- New Advisory Council Could Impact How Condo Owners, Associations Resolve Conflicts
- July 7, 2017 | Author: Shirley M. Steinbach
- Law Firm: Lerch, Early & Brewer, Chartered - Bethesda Office
On April 7, 2017, the Condominium Owner Bill of Rights and Responsibilities Amendment Act of 2016 went into effect, changing the District of Columbia Condominium Act in three key ways.
First, the amendment establishes a new 14-member Condominium Association Advisory Council (CAAC) to “serve as an advisory board to the mayor, the council, and District agencies on matters relating to condominiums located in the District.”
The magnitude of the CAAC’s impact on developing laws and procedures applicable to condominium associations remains to be seen. For example, it is unclear whether and to what extent the CAAC will serve as a forum where unit owners and the association can discuss and attempt to resolve particular matters.
It behooves community associations and their attorneys to monitor the CAAC to see whether the CAAC may help to promote the objectives of community associations in DC. The CAAC will hold meetings at least four times a year and the meetings will be open to the public. The CAAC will have a website on which it will post its meeting notices and minutes.
Second, the amendment creates a document called “The Condominium Association Bill of Rights and Responsibilities.” It is important to understand that the Bill of Rights creates no new legal obligations — it merely lists certain rights already held by unit owners under the existing law.
That said, the new bill of rights is meaningful because it contains the key rights of unit owners by way of the condominium association in one relatively easy-to-read document. In addition, the amendment requires condominium developers to furnish a copy of the bill of rights to purchasers of condominium units, and requires the DC Department of Housing and Community Development to disseminate the bill of rights on its website.
Third, the amendment requires that two additional notices be sent in the context of collections: a Notice of Intention to Take Legal Action, and a Notice of Foreclosure Sale of Condominium Unit for Assessments Due.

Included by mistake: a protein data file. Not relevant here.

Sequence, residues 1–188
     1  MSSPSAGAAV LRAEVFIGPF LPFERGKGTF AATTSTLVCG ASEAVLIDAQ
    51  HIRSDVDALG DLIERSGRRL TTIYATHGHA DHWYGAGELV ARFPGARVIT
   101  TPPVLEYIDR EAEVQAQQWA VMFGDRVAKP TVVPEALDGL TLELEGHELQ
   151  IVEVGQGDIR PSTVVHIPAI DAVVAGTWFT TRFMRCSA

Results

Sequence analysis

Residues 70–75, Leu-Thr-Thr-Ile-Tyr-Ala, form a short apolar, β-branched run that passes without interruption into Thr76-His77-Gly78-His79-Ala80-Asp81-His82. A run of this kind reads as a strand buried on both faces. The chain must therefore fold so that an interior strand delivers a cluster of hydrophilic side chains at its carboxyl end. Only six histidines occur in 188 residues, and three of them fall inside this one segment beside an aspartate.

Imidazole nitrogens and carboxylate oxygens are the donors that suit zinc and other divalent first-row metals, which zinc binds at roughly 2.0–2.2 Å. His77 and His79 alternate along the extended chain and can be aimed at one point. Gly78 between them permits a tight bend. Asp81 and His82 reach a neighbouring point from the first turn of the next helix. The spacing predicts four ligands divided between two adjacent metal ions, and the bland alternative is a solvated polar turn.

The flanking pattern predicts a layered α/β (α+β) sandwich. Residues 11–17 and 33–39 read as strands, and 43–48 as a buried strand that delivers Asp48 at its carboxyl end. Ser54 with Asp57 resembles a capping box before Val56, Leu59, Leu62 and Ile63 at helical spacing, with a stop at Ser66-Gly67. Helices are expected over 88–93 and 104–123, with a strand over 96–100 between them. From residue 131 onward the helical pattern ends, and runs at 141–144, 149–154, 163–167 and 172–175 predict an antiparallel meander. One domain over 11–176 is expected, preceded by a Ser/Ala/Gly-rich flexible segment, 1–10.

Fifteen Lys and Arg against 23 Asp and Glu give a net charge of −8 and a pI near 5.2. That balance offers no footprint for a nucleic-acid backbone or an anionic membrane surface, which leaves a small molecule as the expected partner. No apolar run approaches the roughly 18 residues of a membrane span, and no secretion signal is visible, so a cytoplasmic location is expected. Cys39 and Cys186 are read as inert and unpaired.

The former notice must be sent when an association, its manager, or its attorney advises a unit owner of the intention to take legal action to collect any past due amount owned by the unit owner. Among other things, that notice must include a statement of the account showing the breakdown of the categories of amounts claimed to be due and the dates those amounts accrued, as well as specific statutorily-mandated language regarding resources that may be available to a unit owner.
The latter notice of foreclosure must contain similar information, as well as a statement of whether the foreclosure sale is for the six-month priority lien and subject to the first deed of trust, and a notification that, if the past due amount being foreclosed upon in not paid within 31 days after the date the notice is mailed, the executive board shall sell the unit at a public sale at the time, place and dated stated in the notice. No foreclosure sale of a condominium unit may be held in DC until at least 31 days after a notice of foreclosure is recorded in the land records, sent to a unit owner, and mailed to the mayor or the mayor’s designated agent, all junior lien holders of record, and any holder of a first deed of trust or first mortgage of record.
Due to these new notice requirements, condominium associations will need to modify their existing collection protocols, even if foreclosure is not immediately contemplated, using counsel for assistance as necessary.